April 07, 2006

The Gossip Protection Racket

In one of the funnier media news stories of the year, it came out today that Jared Paul Stern, a longtime writer for the New York Post's Page Six gossip column, had attempted to extort a story subject of the amount of $220,000, in exchange for agreeing to "protect" the source from ever appearing in the column. Stern was caught in an FBI sting, and may be indicted.

Stern's gambit reminds me of that of Harry Karafin, an ace investigative reporter with the Philadelphia Inquirer in the '60s who went to prison after he extorted money from several investigative subjects, in exchange for not writing about them. And even more strangely, Stern's victim may soon own Karafin's old paper. It's Ron Burkle, head of the conglomerate Yucaipa Cos. and a major Democratic fundraiser, who is bankrolling one of the bids to purchase the 12 newspapers orphaned by the Knight Ridder/McClatchy merger (which include the Inquirer, the Philadelphia Daily News, the St. Paul Pioneer Press, and my own paper, the Trend Leader).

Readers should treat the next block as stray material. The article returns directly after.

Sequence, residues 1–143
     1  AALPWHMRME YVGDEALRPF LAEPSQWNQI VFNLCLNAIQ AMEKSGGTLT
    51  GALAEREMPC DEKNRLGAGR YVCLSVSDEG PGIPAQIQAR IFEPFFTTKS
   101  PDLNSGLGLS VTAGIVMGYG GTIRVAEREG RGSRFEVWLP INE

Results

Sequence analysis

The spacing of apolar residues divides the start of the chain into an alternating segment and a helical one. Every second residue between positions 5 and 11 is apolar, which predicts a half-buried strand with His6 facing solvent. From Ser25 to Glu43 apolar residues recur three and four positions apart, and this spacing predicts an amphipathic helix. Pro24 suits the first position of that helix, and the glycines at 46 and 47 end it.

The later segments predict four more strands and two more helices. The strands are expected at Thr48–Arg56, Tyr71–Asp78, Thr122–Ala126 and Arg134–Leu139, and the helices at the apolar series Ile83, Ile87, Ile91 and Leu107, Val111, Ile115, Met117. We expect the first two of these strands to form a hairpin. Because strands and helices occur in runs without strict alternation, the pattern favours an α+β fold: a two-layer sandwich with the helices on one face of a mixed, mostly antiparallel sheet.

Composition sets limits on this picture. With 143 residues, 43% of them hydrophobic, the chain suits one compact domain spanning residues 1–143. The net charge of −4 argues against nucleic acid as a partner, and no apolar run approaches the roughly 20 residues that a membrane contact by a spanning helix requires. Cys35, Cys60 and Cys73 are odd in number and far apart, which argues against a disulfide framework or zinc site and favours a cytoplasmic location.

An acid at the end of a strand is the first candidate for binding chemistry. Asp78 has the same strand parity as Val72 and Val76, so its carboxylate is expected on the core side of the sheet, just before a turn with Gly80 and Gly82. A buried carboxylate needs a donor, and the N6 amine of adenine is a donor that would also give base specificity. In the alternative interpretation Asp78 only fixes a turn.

This also brings up all sorts of questions: Does Page Six do this sort of thing often? Why approach Burkle and not someone like Paris Hilton, who gets mentioned in Page Six every day anyway, and probably has more money than Burkle? And since this has become public, how will Page Six cover Burkle in the future? Will they mention this every time, and since that would be unbelievably awkward for the Post, won't he pretty much now get his immunity anyway?

Posted by Stephen Silver at April 7, 2006 03:27 PM
Post a comment

Remember personal info?